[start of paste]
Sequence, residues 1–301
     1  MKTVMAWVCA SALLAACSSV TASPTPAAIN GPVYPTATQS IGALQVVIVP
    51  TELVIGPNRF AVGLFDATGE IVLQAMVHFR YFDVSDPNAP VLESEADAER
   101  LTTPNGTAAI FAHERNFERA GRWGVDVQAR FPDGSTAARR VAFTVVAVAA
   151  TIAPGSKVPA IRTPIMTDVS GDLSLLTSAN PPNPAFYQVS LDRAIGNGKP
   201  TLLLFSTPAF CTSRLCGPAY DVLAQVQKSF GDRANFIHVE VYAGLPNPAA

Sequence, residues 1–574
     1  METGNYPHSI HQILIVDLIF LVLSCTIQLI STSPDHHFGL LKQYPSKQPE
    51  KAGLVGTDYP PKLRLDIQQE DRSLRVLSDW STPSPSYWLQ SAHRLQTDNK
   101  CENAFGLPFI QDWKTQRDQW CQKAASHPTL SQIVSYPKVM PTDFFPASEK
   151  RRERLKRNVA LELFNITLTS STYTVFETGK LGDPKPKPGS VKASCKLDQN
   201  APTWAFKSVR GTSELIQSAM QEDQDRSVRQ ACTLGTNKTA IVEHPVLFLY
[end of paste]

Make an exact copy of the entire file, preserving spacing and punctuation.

Sequence, residues 1–301
     1  MKTVMAWVCA SALLAACSSV TASPTPAAIN GPVYPTATQS IGALQVVIVP
    51  TELVIGPNRF AVGLFDATGE IVLQAMVHFR YFDVSDPNAP VLESEADAER
   101  LTTPNGTAAI FAHERNFERA GRWGVDVQAR FPDGSTAARR VAFTVVAVAA
   151  TIAPGSKVPA IRTPIMTDVS GDLSLLTSAN PPNPAFYQVS LDRAIGNGKP
   201  TLLLFSTPAF CTSRLCGPAY DVLAQVQKSF GDRANFIHVE VYAGLPNPAA

Sequence, residues 1–574
     1  METGNYPHSI HQILIVDLIF LVLSCTIQLI STSPDHHFGL LKQYPSKQPE
    51  KAGLVGTDYP PKLRLDIQQE DRSLRVLSDW STPSPSYWLQ SAHRLQTDNK
   101  CENAFGLPFI QDWKTQRDQW CQKAASHPTL SQIVSYPKVM PTDFFPASEK
   151  RRERLKRNVA LELFNITLTS STYTVFETGK LGDPKPKPGS VKASCKLDQN
   201  APTWAFKSVR GTSELIQSAM QEDQDRSVRQ ACTLGTNKTA IVEHPVLFLY